Tuesday, July 20, 2010

The Art of the RSVP

In the past 15 years I have thrown countless dinner parties, one wedding, and one very large birthday party. I find that one of the toughest aspects of throwing a party, no matter how small and casual or how large and spectacular, is getting people to actually tell you they're coming.

Sometimes it feels as if etiquette is a lost art. Obviously there are plenty of aspect of traditional etiquette that have been thrown out the window in the past few decades and rightly so. Trying to fall along the lines of specific modes of behavior to the point where it makes people uncomfortable is not an admirable goal. On the other hand, there are aspects of etiquette that I feel should not go the way of the raised pinky. These are the rules that exist because they're not only polite, but can also avoid confusion, unnecessary expenditures, and hurt feelings.

I'm talking about responding to invitations, whether that invitation is a quick phone call or a formal invitation. It seems that these days pepole think that responding to invitations is optional, and committing to the event once you have responded is unnecessary. It seems there is an extreme lack of empathy for hosts who are putting time and money into an event and would like to know who is showing up and would like to not spend money on a guest who flakes out.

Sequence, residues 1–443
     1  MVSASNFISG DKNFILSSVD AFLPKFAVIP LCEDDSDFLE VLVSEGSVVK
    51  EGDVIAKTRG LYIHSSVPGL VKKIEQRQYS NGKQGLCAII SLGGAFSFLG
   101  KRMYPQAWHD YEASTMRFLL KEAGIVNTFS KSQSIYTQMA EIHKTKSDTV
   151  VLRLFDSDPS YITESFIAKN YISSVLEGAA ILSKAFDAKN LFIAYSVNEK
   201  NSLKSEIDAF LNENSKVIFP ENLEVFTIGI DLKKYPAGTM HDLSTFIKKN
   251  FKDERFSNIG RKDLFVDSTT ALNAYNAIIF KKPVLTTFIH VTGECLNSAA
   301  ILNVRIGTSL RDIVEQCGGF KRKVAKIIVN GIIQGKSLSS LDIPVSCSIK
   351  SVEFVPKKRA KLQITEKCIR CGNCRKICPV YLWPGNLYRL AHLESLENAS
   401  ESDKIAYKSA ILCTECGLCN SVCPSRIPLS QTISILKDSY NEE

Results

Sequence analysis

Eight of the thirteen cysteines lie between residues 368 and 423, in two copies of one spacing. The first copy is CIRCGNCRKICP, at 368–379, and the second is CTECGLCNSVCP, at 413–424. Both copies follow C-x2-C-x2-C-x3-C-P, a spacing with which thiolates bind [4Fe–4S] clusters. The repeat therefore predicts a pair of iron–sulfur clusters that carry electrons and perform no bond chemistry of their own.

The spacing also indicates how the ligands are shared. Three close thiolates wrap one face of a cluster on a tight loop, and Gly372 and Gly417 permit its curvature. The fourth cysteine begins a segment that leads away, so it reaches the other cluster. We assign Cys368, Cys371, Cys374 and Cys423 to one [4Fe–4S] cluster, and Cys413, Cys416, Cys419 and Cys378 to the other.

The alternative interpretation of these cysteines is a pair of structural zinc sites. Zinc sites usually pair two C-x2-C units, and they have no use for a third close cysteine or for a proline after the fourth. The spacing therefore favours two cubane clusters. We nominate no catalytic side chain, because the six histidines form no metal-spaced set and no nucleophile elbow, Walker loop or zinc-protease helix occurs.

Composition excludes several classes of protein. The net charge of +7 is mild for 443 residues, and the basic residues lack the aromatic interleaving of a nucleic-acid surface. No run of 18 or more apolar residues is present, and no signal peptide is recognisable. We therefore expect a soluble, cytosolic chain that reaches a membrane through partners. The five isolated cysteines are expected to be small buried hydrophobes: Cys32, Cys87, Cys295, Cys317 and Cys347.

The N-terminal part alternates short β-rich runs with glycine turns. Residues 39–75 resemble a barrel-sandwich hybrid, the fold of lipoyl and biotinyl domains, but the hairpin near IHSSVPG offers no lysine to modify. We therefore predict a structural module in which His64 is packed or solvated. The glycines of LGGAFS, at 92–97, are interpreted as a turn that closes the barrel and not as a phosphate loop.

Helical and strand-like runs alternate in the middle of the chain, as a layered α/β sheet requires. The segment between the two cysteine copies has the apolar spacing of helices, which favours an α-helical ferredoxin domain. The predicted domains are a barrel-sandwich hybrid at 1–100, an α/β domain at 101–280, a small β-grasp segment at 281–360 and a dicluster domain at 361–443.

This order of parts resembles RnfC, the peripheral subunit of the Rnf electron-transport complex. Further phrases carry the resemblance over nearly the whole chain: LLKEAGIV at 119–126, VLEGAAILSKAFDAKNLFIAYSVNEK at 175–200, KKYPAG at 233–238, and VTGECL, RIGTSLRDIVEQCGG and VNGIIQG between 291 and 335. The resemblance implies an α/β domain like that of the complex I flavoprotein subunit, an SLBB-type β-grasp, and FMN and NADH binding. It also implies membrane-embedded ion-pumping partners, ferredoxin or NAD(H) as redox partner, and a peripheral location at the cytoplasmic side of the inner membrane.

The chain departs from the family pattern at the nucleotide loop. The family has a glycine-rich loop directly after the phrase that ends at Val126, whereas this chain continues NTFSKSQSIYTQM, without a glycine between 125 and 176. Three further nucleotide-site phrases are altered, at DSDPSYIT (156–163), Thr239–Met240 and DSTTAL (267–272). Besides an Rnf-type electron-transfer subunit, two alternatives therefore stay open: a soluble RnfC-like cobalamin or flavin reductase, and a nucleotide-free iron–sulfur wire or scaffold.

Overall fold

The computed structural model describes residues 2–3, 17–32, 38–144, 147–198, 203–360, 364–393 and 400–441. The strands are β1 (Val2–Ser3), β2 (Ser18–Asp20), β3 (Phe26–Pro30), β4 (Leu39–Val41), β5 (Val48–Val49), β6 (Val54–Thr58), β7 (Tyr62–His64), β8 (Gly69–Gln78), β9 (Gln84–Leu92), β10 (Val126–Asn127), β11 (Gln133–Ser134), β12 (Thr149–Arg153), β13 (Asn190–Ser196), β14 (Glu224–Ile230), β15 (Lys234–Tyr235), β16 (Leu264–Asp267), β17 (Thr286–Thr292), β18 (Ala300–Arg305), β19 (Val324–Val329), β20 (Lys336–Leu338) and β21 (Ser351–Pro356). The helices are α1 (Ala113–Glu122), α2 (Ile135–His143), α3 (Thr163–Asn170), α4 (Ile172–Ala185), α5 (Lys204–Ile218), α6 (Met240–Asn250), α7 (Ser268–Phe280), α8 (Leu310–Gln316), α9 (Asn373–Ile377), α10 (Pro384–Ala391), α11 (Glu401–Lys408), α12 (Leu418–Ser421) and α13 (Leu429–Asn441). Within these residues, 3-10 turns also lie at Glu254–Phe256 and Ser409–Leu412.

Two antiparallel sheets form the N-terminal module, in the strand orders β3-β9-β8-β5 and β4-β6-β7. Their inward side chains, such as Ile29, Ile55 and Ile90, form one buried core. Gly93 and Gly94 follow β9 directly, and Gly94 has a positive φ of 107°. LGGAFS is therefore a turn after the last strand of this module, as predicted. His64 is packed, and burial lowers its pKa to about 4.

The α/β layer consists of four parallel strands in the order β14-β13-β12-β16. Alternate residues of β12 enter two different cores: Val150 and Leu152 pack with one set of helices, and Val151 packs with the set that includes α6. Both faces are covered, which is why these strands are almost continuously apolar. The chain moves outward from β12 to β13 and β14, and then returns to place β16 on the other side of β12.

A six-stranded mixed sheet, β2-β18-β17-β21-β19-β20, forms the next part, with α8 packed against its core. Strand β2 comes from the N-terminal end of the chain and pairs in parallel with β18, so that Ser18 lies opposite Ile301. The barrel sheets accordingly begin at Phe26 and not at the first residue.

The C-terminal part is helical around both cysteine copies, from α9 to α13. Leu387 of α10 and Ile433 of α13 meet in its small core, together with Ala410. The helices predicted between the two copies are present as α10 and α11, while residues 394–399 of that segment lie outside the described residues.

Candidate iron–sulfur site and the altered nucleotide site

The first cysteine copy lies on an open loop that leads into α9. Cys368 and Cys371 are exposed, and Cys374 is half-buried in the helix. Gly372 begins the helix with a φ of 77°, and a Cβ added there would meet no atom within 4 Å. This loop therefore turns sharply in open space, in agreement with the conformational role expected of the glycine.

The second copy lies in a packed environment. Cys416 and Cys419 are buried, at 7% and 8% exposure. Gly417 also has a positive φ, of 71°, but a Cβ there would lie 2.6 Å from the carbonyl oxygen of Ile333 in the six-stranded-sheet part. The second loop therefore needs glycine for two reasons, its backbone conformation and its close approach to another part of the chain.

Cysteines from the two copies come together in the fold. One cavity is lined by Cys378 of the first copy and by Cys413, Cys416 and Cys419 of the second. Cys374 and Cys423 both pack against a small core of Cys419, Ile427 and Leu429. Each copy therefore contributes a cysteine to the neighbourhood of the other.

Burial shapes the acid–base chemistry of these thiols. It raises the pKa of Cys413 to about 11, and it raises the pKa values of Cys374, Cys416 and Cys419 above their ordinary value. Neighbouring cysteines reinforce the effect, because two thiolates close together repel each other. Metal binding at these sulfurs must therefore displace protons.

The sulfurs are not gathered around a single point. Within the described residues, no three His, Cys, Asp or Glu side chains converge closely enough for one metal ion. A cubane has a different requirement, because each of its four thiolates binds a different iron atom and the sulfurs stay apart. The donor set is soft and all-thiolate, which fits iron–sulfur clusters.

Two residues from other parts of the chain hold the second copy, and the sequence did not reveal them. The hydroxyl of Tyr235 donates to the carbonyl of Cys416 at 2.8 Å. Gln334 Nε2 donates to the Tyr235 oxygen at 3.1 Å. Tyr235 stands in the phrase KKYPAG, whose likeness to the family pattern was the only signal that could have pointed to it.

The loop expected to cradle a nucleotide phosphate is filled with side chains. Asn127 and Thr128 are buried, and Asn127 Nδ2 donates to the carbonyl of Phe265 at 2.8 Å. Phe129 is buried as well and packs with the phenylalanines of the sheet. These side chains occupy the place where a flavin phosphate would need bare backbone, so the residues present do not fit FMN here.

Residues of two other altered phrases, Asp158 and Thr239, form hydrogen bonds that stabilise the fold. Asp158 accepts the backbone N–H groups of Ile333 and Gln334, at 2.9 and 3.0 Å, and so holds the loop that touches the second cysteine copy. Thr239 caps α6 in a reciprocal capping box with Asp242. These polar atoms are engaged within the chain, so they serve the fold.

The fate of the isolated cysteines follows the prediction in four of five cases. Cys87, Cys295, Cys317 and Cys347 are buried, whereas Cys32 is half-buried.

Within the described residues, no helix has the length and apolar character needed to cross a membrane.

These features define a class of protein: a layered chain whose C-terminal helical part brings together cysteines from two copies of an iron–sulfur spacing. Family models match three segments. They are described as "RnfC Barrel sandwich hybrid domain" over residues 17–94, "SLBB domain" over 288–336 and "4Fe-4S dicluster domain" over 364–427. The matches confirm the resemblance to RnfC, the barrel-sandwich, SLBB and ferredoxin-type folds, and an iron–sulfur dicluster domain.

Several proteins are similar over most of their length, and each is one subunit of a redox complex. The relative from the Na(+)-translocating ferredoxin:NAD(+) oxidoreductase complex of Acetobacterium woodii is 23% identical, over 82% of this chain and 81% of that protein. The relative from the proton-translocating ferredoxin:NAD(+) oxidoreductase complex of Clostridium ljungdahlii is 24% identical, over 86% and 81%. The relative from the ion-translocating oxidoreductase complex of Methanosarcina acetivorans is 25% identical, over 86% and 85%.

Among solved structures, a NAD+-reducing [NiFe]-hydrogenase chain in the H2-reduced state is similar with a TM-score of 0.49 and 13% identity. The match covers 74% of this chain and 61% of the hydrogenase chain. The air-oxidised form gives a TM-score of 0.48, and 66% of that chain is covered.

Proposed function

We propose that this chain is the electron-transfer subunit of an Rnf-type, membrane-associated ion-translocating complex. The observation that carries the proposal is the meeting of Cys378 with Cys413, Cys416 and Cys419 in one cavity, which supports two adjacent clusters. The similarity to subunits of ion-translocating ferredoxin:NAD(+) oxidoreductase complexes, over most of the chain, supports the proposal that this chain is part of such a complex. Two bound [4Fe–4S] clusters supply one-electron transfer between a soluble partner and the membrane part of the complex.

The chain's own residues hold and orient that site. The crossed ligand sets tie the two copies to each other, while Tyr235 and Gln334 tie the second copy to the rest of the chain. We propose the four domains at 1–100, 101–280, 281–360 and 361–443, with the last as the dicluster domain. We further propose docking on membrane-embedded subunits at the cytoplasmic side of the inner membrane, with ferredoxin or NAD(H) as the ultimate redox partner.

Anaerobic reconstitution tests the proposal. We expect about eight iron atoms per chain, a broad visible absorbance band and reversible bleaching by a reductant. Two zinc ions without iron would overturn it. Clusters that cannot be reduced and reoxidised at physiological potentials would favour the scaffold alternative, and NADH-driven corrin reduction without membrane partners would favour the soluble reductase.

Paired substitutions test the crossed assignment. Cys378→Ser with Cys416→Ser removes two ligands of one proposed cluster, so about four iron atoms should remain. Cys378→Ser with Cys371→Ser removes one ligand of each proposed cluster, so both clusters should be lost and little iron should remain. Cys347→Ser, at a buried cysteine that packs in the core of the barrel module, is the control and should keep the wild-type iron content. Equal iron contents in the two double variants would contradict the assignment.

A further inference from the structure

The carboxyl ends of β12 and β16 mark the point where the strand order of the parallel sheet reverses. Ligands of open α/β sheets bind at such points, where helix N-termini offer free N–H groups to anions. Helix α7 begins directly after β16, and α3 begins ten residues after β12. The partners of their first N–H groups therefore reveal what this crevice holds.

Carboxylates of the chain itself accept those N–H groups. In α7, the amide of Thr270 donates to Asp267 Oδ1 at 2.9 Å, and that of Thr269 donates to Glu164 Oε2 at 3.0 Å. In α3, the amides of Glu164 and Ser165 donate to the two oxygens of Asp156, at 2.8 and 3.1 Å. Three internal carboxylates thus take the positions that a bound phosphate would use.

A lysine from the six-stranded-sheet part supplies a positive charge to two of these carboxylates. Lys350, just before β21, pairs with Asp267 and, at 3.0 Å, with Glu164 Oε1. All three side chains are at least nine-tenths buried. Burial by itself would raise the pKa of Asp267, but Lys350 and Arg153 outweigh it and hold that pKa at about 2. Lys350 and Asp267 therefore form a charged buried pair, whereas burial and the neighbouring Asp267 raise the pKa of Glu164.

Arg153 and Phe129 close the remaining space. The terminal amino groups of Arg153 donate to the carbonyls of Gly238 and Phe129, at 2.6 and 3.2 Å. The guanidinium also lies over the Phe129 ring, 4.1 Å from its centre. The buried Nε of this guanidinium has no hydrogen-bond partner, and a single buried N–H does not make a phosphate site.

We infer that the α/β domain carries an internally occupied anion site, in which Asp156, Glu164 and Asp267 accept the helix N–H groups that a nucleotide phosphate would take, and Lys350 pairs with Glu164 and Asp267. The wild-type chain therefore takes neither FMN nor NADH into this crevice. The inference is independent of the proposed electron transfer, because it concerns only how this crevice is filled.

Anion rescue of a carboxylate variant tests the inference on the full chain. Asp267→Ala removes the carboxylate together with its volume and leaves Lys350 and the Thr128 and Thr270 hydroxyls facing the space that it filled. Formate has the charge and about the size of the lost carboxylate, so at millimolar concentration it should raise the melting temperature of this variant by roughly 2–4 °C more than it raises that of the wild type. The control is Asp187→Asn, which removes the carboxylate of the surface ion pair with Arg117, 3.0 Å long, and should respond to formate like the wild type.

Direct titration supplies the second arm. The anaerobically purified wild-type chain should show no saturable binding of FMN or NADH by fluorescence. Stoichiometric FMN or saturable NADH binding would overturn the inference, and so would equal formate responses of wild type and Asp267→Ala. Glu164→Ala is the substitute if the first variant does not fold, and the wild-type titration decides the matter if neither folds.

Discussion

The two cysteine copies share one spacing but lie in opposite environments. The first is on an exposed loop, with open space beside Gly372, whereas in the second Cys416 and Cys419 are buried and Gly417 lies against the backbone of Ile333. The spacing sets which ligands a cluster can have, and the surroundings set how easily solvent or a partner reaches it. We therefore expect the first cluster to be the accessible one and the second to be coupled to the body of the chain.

Since I'm always in the process of hosting something, I can't tell you how many times I've had my feelings hurt by callous rejections, no-shows, and wafflers, and I've been majorly angered by wasted money and food spent on last-minute flakes. Ever since Kevin and I were engaged ten years ago I have been a fan of Etiquette Hell, who supports my belief that an RSVP to an event should never be optional, and should be committed to once given.

I have my requests for anyone who ever is invited to an event ever again.

Once you receive an invitation, check your schedule. Look at your calendar. If your calendar isn't showing any conflicts, but you think you might have one anyway, make some calls. If you think you want to attend the event, then make sure you can.

Respond as soon as possible. There are some etiquette rules that say if you receive an invitation and your schedule is clear, you respond positively (provided the event does not require too much in terms of travel time and money). I don't believe that you have to attend something you don't want to attend. You can say no. Just say it right away. Your hosts will be very pleased with the immediate reponse. This goes double for things like wedding invitations where the hosts may have provided the postage for you. Don't wait forever and then leave the invitation lying around the house for weeks on end until you lose it and then don't know the deadline date (Yes, I've been guilty of this myself). You know if you can or can't go? Good. Tell the hosts NOW. Don't make them have to chase you with phone calls.